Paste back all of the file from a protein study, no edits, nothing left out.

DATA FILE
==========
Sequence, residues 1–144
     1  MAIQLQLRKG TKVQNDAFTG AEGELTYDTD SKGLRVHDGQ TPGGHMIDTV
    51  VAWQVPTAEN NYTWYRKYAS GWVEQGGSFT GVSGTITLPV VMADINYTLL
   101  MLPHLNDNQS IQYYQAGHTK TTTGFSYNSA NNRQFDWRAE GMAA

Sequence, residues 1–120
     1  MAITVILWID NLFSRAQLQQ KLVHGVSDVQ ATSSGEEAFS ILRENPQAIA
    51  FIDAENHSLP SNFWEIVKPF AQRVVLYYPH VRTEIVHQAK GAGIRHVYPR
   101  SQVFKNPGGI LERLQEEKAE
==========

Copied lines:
Sequence, residues 1–144
     1  MAIQLQLRKG TKVQNDAFTG AEGELTYDTD SKGLRVHDGQ TPGGHMIDTV
    51  VAWQVPTAEN NYTWYRKYAS GWVEQGGSFT GVSGTITLPV VMADINYTLL
   101  MLPHLNDNQS IQYYQAGHTK TTTGFSYNSA NNRQFDWRAE GMAA

Sequence, residues 1–120
     1  MAITVILWID NLFSRAQLQQ KLVHGVSDVQ ATSSGEEAFS ILRENPQAIA
    51  FIDAENHSLP SNFWEIVKPF AQRVVLYYPH VRTEIVHQAK GAGIRHVYPR
   101  SQVFKNPGGI LERLQEEKAE